To make a long story short, I worked for one year inWiesbaden, then opened a shop together with my uncle Kurt Jaeger in Mainz, and immigrated to America in 1952. After working in Paul Jaeger’s shop in Pennsylvania for 18 years I moved to Newport, New Hampshire to work in the Sturm Ruger factory. I returned to Jenkintown seven years later and had the sad experience of moving the company to Tennesseeand loosing it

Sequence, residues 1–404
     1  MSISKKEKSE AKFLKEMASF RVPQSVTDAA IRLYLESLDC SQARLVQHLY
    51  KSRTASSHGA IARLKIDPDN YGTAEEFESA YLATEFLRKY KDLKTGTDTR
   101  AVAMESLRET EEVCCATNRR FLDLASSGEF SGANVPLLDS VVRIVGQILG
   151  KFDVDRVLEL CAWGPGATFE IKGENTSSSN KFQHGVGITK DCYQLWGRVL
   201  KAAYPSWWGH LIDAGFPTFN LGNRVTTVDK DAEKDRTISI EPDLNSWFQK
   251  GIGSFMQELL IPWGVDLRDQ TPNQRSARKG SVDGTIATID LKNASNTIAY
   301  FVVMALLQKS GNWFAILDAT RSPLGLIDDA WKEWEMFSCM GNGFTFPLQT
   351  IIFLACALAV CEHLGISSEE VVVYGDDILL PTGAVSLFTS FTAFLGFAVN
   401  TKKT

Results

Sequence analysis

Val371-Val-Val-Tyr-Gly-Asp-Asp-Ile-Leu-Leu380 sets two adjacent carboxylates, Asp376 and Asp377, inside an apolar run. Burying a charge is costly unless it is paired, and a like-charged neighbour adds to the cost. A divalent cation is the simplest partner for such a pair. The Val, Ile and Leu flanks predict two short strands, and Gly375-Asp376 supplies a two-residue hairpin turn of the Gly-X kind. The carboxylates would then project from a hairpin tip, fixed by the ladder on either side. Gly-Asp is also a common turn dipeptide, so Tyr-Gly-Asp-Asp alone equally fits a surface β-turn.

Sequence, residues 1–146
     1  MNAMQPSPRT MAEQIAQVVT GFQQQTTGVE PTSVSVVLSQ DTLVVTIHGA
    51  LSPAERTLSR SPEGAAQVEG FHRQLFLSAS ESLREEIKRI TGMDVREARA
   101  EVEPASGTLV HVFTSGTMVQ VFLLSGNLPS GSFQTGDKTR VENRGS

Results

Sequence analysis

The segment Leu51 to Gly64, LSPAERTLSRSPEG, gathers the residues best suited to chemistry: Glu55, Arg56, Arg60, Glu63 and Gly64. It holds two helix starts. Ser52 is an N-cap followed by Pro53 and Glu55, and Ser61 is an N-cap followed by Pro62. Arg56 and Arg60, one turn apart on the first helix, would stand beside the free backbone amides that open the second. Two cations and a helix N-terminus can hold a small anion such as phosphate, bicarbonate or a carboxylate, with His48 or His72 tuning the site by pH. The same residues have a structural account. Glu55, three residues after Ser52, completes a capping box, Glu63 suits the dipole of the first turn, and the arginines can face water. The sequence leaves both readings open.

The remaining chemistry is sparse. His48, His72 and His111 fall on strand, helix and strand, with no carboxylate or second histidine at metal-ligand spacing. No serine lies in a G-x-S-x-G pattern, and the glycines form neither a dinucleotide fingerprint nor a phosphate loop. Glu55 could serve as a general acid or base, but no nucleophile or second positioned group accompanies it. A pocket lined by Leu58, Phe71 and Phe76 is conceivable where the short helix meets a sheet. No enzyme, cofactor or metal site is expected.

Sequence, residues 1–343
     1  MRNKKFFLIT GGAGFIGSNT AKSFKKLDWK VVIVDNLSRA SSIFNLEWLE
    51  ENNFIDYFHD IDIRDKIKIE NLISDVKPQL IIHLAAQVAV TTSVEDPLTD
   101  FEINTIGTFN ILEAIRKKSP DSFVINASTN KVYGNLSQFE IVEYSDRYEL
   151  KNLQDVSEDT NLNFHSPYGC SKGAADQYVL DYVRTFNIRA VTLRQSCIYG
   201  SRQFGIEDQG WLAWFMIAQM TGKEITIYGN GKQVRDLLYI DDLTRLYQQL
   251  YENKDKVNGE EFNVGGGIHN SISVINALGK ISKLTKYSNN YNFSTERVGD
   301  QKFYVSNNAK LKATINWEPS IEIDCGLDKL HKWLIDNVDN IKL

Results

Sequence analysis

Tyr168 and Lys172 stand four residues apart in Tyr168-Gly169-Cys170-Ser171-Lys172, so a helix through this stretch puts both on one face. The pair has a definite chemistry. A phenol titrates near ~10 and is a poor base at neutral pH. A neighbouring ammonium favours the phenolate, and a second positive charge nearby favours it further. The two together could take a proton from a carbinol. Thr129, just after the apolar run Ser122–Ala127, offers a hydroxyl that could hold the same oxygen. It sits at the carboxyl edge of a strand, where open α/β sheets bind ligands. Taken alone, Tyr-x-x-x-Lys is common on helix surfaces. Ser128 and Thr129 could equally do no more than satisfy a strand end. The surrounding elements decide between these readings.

I opened my own company, New England Custom Guns, in Plainfield, New Hampshire until I retired and sold the company to my younger partners. It was during this time that I agonized what I could do with my remaining life and do some good. I did not want to make the same mistake Paul Jaeger made in holding on to his company despite its decline, and neither did I want to keep working as a gunsmith whose skill was also declining. During all these years I had always regretted that the owners of German hunting guns could not find good information in English about the guns and their makers. While I was still in my company I had handed out and sent out inquiries about the founding of an association to make good information available. The positive response was overwhelming and I felt that I had no other option than to try it myself.